She was having a bad game in goal. I was having a bad day in general. I sat huddled in the stands with my friend in her giant bedspread, a worthy opponent to the Oklahoma winter wind. My daughter had been asked to fill in for a goal keeper, and getting her there required a missed appointment, approximately seventeen trips across town, chasing the dogs in heels down the street and getting stuck, of course, in traffic.
We shivered as we watched another goal rattle the net behind my kid.
“It’s okay. I’ll stop for ice cream,” I told my friend.
We sat for seconds in the silence before we laughed.
“I’m going to teach her to eat her feelings, like a good American woman!” I said as my friend echoed my thoughts exactly. Obviously, I was kidding
“I’m so bad,” we say. “I ate a brownie at lunch.”
“This is guilt-free.”
“I feel guilty about eating that (whatever it is that we think we’re not supposed to eat.).
There is no such thing as a food that turns a person bad. Eating a brownie or a carton of ice cream or a bag of chips, (or all three) does not make a person evil.
I used to carry around a lot of these ideas. My days were ordered by what I could and what I could not eat, decided by whatever crazy algorithm I had decided would solve all my problems.
And honestly, that’s just not very fun. It’s boring. And tedious. And unsustainable. Some people can do it. I could, if I wanted to. I don’t want to. I don’t want to feel bad about my food choices. I don’t want to spend more time making decisions about salad dressing than time with my family.
I don’t feel shame anymore when I eat, and enjoy, a sweet treat. I don’t doubt my value as a person if I like chips with my sandwich or refuse to purchase whole fat creamer for my coffee.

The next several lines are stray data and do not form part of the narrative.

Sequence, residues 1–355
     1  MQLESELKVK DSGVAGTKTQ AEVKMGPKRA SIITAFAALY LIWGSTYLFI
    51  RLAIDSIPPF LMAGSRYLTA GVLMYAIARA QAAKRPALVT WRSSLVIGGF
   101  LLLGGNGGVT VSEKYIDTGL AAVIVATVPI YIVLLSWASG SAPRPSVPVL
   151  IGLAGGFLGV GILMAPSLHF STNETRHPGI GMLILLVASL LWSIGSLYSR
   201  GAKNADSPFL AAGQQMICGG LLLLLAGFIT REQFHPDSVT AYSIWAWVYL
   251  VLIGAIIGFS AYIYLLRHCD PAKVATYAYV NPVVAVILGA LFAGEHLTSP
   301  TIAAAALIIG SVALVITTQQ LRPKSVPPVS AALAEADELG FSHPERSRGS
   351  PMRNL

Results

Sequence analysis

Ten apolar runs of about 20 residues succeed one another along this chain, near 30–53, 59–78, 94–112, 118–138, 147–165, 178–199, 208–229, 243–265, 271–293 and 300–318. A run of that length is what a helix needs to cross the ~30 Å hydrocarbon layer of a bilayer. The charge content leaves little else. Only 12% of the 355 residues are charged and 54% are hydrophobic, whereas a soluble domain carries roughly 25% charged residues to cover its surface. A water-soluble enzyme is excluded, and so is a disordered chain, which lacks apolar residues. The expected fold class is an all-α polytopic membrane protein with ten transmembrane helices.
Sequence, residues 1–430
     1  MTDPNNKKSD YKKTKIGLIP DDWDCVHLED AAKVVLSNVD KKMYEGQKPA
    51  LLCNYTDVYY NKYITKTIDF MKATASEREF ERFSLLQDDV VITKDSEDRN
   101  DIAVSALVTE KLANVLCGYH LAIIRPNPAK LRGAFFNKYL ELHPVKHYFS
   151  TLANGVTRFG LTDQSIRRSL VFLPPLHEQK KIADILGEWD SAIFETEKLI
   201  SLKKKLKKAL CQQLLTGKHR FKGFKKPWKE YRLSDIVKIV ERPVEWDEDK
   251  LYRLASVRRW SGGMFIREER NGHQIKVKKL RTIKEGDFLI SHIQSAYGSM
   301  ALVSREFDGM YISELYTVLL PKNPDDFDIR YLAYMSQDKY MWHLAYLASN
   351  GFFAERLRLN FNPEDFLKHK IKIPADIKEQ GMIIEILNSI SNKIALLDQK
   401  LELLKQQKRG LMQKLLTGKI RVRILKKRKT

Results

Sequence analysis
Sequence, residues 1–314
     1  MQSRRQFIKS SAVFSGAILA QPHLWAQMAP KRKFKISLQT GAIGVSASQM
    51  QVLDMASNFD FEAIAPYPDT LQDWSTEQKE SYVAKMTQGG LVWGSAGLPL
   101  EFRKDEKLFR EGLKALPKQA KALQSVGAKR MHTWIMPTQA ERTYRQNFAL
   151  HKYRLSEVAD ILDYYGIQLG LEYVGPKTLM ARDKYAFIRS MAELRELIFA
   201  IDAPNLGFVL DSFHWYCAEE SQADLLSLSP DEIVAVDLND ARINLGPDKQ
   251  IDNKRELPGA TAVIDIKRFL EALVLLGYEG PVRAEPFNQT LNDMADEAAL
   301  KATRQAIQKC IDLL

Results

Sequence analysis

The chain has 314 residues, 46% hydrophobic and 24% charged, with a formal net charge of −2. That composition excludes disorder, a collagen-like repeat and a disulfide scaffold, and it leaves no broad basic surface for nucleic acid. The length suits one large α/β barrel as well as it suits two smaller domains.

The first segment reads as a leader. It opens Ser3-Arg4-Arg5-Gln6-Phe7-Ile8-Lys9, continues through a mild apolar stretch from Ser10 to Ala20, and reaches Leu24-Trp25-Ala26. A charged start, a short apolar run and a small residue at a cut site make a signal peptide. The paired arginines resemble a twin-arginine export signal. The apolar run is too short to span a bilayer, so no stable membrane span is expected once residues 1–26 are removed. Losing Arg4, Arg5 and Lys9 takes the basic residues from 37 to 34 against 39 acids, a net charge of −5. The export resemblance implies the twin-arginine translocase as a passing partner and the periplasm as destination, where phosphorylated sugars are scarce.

I only feel shame now when I eat to silence the pain.
I know when I’m doing it. I know why. And I wantonly throw piles of crappy food choices, sometimes even healthy food choices down my gullet so fast the flavor doesn’t have time to register. I know my triggers, too. Long days full of bad news, certain times of the month, even certain people flick up the flare of food lust in me.
I open the pantry and stand in awe, looking for that thing that will be my answered prayer, that will cure my loneliness, that will make me perfect, or grant me that job, or clean my kitchen.
Turns out, that food doesn’t exist. And I know that, too, hence the shame.
I know where to go, rather than the pantry when I am lonely. I know how to breathe deep into the empty space inside me, that space that does not want calories but words and time and touch. I know how to bend my knee when I think that salt and sugar would surely suffice.
So I remind myself, and I cast down my idols, and I sit down to a meal on a real plate, at a real table, and I chew, and taste and enjoy. And I bend my knee, and bow my head and murmur the prayers, the chains of whispered beggings I have learned and carried, my own mana.
How do you step away from false shame?